SCORE Annual Summary Report 2014-15

SCORE is a collection of information from Registered Social Landlords about the new lets they make in a given year.

Building and Letting Types

Reason for Vacancy

Broadly speaking a property into which a household moves can either be a new let - meaning that the property is new and/or being let for the first time - or a re-let.

New lets accounted for 13.3% of all lets in 2014-15 - almost the exact same proportion as in 2013-14 (13.4%) which was itself the same as in 2012-13.

SCORE also collects information on the reasons that re-let properties into which households moved during the year were left vacant by their previous inhabitants.

Over a third of all vacancies (34.1%) were created from transfers within social housing (17.4% transferred to another property owned by the same RSL, 9.9% moved to a local authority owned house and 6.8% moved to a property owned by another RSL). This compares to 25.9% of vacancies arising from the previous tenant moving to private sector or other accommodation.

Chart 7: Reason for Property Vacancy

Reason for Property Vacancy

Dwelling Type and number of bedrooms

Chart 8 and table 2 show that almost three quarters (73.8%) of dwellings let out during the year were flats. Amongst these 12.7% of all properties were multi-story blocks, 12.3% were 4 in a block and almost half (48.8%) were tenements or some other type of flat not covered by the other categories.

Houses accounted for most of the remaining properties (around a fifth of all properties let during the year), bungalows made up a further 4.4% and other dwelling types accounted for the remaining 1.1% of all lettings. This last category is not shown in Chart 8 to aid clarity.

One bedroom (38.9%) and two bedroom (40.1%) properties together accounted for almost four-fifths of all properties let. Bedsit properties accounted for 4.4% of lettings, with a further 14.3% being 3 bedroom and 2.3% being 4 or more bedrooms. One bedroom flats accounted for over a third (34.4%) of total lettings for the year.

Chart 8: Dwelling type by number of bedrooms

Dwelling type by number of bedrooms

Note: This chart shows the number of lets in each category but please note that this does not represent all lets in Scotland.

Table 2: Dwelling types and number of bedrooms, 2013-14 and 2014-15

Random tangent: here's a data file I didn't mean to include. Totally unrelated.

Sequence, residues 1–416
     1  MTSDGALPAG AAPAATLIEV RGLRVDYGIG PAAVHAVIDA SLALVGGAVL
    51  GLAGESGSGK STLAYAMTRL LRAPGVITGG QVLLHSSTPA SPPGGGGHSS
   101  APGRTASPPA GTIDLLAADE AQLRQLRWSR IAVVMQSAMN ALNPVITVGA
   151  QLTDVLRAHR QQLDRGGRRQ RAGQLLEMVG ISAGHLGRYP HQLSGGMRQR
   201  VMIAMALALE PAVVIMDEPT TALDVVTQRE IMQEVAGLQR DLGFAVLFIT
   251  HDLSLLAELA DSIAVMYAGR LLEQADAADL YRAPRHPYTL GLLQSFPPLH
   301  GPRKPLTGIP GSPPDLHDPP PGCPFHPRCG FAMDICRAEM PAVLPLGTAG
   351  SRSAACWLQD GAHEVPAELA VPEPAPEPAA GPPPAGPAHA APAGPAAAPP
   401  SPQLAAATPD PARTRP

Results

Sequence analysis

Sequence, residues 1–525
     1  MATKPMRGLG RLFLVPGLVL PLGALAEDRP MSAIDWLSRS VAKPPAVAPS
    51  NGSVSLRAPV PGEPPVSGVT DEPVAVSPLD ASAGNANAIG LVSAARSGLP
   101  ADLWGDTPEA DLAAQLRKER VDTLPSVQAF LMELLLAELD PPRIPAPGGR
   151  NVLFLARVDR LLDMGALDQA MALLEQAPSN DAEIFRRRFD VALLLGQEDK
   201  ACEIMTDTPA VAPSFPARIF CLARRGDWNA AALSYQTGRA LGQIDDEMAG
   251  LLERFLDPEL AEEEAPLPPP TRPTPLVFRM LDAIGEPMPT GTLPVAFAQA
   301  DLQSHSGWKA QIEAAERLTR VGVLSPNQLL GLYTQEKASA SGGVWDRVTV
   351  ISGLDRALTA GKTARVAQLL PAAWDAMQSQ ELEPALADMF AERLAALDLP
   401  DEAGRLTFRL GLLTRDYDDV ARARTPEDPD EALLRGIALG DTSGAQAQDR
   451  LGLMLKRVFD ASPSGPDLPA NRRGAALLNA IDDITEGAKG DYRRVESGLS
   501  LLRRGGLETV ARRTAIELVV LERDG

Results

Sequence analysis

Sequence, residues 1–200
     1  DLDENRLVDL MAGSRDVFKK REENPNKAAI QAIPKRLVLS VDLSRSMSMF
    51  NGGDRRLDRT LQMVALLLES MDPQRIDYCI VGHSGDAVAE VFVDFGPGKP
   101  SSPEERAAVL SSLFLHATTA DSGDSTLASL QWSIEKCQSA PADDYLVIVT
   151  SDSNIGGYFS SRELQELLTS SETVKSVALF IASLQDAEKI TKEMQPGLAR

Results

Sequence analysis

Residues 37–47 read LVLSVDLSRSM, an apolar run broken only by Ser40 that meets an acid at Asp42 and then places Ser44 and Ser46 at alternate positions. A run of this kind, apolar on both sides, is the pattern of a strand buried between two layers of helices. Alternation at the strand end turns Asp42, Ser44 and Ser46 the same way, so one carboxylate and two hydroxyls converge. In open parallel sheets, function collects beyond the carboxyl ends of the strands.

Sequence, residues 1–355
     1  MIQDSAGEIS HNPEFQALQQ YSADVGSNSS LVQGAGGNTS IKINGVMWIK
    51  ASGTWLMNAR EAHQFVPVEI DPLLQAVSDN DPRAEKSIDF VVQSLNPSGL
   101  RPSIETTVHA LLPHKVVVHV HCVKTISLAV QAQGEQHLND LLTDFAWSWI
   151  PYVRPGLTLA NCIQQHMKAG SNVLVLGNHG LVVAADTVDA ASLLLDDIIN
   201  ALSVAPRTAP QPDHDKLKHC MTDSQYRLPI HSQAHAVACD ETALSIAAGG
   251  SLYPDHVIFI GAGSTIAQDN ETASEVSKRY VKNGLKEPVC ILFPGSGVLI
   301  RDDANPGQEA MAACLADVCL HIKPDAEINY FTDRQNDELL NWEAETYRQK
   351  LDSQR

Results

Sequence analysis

Dwelling Type

Flat: tenement and other

49.6% 48.8%


22.4% 20.6%

Flat/maisonette: multi-storey block

11.3% 12.7%

Flat: 4 in a block

11.2% 12.3%


4.5% 4.4%


1.1% 1.1%


100.0% 100.0%

Number of bedrooms


5.7% 4.4%

1 bedroom

37.2% 38.9%

2 bedrooms

40.4% 40.1%

3 bedrooms

14.0% 14.3%

4 or more bedrooms

2.7% 2.3%


100.0% 100.0%

Design Type

A property may be designed for general purpose use or, alternatively, for a specific housing group, such as older people.

The majority of properties let during 2014-15 were general purpose dwellings (85.0%). Housing specifically designed for older people accounted for 13.8% of lettings. Within this 10.0% were sheltered properties - these provide a number of features in addition to the standards for general needs housing (such as an emergency call service and possibly a warden). A further 3.8% were amenity or alarm properties which are either similar to sheltered housing but without the warden or are not adapted but have a community alarm.

Table 3: Design type, 2013-14 and 2014-15




3.7% 3.8%


8.9% 10.0%

General purpose

86.4% 85.0%

Shared Living

0.4% 0.4%


0.6% 0.8%

CHR (Common Housing Register) and CBL (Choice Based Lettings)

CHR (Common Housing Register)

A Common Housing Register (CHR) is where Local Authorities and some (or all) housing associations in the area share a single housing list meaning that a household may be allocated to the housing of any participating social landlord. In 2014-15 over two-fifths (41.9%) of households housed obtained their tenancy through a CHR - a 3.9 percentage point increase from 2013-14. This continues the increasing trend in the proportion of households allocated in this way (see Chart 9).

CBL (Choice Based Lettings)

Choice Based Lettings (CBL) is a type of allocation system which allows households to actively apply for properties that match their assessed requirements. Around a quarter (23.5%) of households used a CBL allocation system in 2014-15 - a 1.7 percentage point increase on the 21.8% in 2013-14. As chart 9 shows the proportion of lettings allocated in this way has generally been on the increase.

Chart 9: CHR and CBL lettings, 2005/06 to 2014/15

CHR and CBL lettings

Void Length

The void period of a property is the period for which it was available for letting but did not have a tenant (i.e. generally the period between the previous let ending and the current one beginning). The void period is derived from the tenancy start date, the vacancy date and, if applicable, the repair completion date provided by the housing association. Details of the calculation are included in the Annex.

Around 3 in 10 properties (30.8%) let during the year were let immediately after the previous tenants vacated the property or immediately after the conclusion of any major repair works being carried out on the property. This was similar to 2013-14 (31.1%) but down from 33.9% in 2012-13 and from 37.0% in 2011-12. Over two-fifths of properties (41.3%) were void for two weeks or more, down slightly from 42.5% in 2013-14.

The average time for which a property was vacant between the end of one tenancy and the start of the next was 24 days, three days less than in 2013-14.

Chart 10: Void length of property, 2013/14 and 2014/15

Void length of property


Email: Andrew White

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